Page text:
It was in 1971 that the UNSC last discussed Kashmir after India and Pakistan fought a war which later led to the creation of Bangladesh
There is a deeper context to the latest Indo-Pak border flare-up on August 15. The mortar shelling and small weapons exchange in the forested Krishna Ghati sector along the Line of Control in Poonch is reported to have claimed several lives of combatants, possibly on both sides of the border. While Pakistan military’s publicity wing ISPR named three Pakistani soldiers killed in the cross border shelling, it said five Indian soldiers were killed only to be categorically denied by the Indian Army.
The context lies in the fact that on August 16, 2019, Friday, afternoon (New York time), the United Nation’s Security Council (UNSC) will discuss the Kashmir issue for the first time in 48 years. The depiction of a warlike scenario in a flashpoint zone garners more global attention, which translates into more brownie points for the Pakistani effort to wrest the Kashmir issue out of its bilateral framework and put it on the international platform.
In a way, New Delhi’s sudden announcement on August 5 abrogating Article 370 and by corollary 35A, that gave special category status and treatment to Jammu and Kashmir and its citizens, may have got its first significant diplomatic blow. That it would be discussed behind ‘closed doors’ and Pakistan being kept out may be small consolation diplomatically speaking.
It was in 1971 that the UNSC last discussed Kashmir after India and Pakistan fought a war which later led to the creation of Bangladesh.
Since then Indian diplomatic efforts have successfully warded off the tabling of the Kashmir issue at the UNSC platform, not due to lack of effort on Pakistan’s part which has been persistent but more often than not due to Russia’s veto power.
On Friday, the issue will be discussed by the five permanent members—China, France, Russia, UK, and the US—and ten non-permanent members which includes Belgium, Côte d’Ivoire, Dominican Republic, Equatorial Guinea, Germany, Indonesia, Kuwait, Peru, Poland and South Africa. At the moment, Poland is the UNSC president by rotation and will decide the formalities including the exact time of the discussion.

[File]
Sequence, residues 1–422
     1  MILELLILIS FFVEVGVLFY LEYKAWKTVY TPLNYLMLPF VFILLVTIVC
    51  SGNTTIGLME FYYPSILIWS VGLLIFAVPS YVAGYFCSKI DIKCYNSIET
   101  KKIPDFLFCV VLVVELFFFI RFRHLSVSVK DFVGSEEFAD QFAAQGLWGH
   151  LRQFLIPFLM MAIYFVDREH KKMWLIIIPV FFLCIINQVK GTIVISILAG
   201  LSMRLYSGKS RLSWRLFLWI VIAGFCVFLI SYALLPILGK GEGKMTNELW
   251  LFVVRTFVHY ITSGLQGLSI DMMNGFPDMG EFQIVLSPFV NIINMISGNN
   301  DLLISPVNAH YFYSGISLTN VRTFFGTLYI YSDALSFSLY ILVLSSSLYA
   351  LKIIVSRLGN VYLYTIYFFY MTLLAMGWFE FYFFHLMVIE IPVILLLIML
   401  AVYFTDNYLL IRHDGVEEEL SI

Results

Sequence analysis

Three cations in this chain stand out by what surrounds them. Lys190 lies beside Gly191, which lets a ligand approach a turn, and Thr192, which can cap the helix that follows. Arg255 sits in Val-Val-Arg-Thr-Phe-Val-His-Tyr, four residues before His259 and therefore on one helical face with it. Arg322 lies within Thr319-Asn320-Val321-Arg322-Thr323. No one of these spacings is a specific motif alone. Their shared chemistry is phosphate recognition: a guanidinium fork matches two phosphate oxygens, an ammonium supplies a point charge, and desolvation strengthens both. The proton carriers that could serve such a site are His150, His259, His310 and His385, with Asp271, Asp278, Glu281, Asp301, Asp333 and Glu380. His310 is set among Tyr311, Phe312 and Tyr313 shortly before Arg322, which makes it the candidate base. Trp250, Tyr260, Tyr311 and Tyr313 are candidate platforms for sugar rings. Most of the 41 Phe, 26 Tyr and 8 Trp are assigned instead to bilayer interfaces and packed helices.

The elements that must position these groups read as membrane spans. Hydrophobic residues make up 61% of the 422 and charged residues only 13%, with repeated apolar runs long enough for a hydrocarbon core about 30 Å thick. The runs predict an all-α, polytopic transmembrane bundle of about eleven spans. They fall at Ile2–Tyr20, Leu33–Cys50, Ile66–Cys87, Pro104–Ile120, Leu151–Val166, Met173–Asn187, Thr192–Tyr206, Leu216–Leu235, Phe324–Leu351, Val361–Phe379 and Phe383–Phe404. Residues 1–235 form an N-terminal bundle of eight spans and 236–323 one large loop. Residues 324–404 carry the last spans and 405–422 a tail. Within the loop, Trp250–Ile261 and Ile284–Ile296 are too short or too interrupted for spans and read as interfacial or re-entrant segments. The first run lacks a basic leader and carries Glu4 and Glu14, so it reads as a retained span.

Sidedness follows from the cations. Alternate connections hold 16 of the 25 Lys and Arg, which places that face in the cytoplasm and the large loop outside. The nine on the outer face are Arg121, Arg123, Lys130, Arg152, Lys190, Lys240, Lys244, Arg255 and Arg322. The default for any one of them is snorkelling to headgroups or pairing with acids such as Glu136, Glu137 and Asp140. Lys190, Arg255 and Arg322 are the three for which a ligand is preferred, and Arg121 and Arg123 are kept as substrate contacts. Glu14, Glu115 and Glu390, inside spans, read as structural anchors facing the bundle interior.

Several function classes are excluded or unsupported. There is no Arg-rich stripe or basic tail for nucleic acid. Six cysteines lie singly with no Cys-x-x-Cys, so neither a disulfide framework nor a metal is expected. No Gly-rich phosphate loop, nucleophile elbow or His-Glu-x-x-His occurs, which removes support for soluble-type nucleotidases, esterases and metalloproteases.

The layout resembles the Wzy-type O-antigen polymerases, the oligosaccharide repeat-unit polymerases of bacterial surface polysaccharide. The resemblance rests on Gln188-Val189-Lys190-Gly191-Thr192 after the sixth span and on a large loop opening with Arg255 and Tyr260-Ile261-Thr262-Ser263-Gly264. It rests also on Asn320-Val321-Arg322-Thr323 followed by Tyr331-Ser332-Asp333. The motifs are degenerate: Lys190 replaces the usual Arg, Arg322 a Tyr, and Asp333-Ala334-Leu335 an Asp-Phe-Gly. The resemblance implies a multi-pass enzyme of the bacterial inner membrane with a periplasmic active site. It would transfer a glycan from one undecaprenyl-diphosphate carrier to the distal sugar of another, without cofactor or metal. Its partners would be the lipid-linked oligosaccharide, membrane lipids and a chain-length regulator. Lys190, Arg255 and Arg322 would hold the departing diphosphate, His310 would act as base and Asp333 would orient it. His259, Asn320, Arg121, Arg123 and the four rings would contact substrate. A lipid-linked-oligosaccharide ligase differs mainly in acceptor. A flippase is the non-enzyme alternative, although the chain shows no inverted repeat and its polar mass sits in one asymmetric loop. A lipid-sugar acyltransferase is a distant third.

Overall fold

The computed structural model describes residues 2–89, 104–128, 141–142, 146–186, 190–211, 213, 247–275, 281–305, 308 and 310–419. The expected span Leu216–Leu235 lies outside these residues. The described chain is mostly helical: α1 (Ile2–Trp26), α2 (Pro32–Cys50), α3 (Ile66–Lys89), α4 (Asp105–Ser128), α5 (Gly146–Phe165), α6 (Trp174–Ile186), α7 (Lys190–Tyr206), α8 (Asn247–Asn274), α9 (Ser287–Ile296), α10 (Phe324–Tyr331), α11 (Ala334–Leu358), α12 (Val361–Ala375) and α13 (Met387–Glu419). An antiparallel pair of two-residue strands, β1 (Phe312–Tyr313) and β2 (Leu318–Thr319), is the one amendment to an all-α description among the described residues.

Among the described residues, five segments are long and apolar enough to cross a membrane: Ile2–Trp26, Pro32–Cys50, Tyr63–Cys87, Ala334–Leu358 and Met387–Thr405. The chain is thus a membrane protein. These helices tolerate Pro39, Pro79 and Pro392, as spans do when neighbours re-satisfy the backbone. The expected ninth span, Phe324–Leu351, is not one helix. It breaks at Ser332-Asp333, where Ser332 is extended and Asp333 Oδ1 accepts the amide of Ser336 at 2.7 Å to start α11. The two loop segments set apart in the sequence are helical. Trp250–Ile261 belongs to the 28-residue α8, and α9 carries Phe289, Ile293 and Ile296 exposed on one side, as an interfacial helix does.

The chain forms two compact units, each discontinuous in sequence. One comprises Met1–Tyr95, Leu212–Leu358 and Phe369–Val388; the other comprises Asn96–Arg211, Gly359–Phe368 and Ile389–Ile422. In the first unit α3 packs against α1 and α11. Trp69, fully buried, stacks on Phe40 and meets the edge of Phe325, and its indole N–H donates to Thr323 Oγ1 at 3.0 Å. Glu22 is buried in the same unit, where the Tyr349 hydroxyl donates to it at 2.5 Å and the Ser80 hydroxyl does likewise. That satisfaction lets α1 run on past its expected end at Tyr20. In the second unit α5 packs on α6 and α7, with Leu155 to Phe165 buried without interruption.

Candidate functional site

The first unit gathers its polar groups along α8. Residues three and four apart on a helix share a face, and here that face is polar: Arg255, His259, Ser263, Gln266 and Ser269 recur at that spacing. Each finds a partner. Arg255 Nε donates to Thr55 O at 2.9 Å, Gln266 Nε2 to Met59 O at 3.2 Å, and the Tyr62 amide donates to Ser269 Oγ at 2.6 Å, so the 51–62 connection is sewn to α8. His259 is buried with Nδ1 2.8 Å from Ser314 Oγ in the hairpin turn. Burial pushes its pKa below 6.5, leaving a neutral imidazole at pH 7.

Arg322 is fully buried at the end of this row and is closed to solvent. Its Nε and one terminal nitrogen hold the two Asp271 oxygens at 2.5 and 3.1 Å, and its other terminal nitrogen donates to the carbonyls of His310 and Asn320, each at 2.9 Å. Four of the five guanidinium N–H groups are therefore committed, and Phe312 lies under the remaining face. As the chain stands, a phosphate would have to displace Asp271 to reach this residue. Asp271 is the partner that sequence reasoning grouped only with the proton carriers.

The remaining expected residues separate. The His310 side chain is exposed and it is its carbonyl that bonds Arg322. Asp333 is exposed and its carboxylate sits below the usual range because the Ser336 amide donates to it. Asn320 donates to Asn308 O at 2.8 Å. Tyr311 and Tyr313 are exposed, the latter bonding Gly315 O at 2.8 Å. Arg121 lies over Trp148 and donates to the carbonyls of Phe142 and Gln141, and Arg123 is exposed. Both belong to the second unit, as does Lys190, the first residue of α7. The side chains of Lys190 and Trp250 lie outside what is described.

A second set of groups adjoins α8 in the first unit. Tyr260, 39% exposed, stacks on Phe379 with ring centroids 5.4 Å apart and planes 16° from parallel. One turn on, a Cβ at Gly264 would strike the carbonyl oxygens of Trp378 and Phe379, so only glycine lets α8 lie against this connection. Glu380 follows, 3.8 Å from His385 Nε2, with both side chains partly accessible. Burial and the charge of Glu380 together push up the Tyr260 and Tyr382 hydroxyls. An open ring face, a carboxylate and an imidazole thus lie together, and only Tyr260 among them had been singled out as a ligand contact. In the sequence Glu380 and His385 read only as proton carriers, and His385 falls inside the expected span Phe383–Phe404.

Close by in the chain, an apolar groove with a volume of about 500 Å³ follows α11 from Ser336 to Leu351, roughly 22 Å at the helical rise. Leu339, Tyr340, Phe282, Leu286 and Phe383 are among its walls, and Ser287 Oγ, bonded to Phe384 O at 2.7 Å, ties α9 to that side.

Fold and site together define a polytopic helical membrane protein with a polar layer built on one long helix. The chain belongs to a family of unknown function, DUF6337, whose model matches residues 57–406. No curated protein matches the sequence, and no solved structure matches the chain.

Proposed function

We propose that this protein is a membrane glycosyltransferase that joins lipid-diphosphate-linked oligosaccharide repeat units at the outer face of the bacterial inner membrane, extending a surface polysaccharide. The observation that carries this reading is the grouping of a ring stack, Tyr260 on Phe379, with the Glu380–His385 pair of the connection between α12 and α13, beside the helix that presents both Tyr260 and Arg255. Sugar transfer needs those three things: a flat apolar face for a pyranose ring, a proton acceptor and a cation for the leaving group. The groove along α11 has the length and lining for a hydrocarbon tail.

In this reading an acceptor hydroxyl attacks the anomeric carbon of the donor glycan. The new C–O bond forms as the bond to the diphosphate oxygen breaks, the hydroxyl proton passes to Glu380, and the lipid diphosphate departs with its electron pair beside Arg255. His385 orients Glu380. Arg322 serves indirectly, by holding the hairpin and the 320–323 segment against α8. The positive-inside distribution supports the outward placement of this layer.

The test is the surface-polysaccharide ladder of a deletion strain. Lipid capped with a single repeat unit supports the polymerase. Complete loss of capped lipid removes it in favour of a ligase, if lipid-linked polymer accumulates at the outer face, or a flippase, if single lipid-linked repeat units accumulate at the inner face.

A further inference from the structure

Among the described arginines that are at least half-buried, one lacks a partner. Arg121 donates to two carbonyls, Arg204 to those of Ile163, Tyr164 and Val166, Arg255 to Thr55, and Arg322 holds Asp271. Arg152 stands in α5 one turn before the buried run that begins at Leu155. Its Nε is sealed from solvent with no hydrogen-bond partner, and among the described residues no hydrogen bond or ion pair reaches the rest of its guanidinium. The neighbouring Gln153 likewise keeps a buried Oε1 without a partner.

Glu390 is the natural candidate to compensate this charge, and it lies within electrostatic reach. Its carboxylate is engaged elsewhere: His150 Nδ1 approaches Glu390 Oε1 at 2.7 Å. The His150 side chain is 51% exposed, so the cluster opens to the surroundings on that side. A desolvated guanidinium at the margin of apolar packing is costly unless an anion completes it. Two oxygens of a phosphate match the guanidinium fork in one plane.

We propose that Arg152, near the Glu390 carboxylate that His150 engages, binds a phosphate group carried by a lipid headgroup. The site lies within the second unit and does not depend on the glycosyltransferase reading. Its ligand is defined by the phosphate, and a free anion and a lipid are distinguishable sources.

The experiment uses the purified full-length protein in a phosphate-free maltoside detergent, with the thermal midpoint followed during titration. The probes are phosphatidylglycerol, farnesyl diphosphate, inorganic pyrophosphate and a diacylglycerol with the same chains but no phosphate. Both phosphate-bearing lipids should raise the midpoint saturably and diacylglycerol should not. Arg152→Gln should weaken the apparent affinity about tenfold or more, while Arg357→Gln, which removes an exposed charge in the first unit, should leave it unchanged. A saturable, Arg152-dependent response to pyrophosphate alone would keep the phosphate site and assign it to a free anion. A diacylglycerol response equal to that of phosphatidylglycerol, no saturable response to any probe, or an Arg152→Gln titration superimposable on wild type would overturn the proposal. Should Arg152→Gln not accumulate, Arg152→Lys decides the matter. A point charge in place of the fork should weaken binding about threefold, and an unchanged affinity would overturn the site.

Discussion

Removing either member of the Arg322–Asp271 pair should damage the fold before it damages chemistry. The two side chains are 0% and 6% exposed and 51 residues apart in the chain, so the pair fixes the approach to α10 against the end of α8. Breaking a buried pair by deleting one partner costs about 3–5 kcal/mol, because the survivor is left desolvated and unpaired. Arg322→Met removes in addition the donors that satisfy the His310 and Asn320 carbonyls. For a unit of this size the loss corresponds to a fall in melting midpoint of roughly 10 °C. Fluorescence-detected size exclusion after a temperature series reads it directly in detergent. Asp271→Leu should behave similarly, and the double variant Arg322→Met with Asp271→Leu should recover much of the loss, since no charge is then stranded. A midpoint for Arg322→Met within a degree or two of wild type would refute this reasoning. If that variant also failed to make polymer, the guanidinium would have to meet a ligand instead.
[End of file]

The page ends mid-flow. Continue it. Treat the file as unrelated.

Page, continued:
The tabling of the discussion at the UNSC has come about due to China’s intervention which overlooked Indian foreign minister S Jaishankar’s efforts to explain New Delhi’s stand on Kashmir on the Article 370 issue and the granting of Union Territory status to Ladakh. Although pre-scheduled, Jaishankar’s three day China visit that ended on August 12—can be interpreted as an Indian effort to preempt the expected Chinese effort.
Jaishankar, known to be an expert on China from the Indian point of view, enjoys much familiarity with Chinese priorities and interests as he served as the Indian ambassador to China for five years from 2009 to 2013.
China wrote a letter to the UNSC seeking consultations under the agenda item ‘India Pakistan Question’.
Interestingly, Pakistan foreign minister Shah Mahmood Qureshi had flown to Beijing on August 9, a day before Jaishankar landed in China, apparently to request China’s help to table the Kashmir issue at the UNSC.But whether the Kashmir issue will be discussed under the agenda item ‘India Pakistan Question’ remains to be seen. If the matter is allowed to be discussed under the ‘India Pakistan Question’ item, it will negate the bilateral nature of the issue which is what Indian stands by, in accordance with the Simla agreement of 1972. The Simla Agreement set the course for the demarcation of the Line of Control in Kashmir besides complete agreement to resolve disputes peacefully and bilaterally.